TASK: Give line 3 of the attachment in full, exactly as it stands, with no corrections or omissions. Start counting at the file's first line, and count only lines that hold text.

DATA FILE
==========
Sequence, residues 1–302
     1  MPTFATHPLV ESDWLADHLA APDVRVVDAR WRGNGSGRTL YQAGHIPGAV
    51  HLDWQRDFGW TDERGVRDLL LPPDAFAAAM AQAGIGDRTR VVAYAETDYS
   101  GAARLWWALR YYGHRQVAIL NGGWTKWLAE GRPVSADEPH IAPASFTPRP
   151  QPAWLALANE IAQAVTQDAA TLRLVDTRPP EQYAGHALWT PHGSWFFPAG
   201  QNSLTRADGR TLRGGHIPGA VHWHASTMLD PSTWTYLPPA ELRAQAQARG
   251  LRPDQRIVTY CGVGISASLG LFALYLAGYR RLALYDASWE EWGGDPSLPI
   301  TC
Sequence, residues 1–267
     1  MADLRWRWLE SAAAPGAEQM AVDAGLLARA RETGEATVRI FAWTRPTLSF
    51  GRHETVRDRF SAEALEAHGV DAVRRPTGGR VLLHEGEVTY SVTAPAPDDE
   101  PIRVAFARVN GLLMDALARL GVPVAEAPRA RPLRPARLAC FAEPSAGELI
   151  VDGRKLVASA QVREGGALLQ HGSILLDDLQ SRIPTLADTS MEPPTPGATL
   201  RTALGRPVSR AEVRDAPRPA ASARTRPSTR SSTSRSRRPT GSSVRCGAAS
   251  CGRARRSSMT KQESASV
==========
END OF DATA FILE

    51  HLDWQRDFGW TDERGVRDLL LPPDAFAAAM AQAGIGDRTR VVAYAETDYS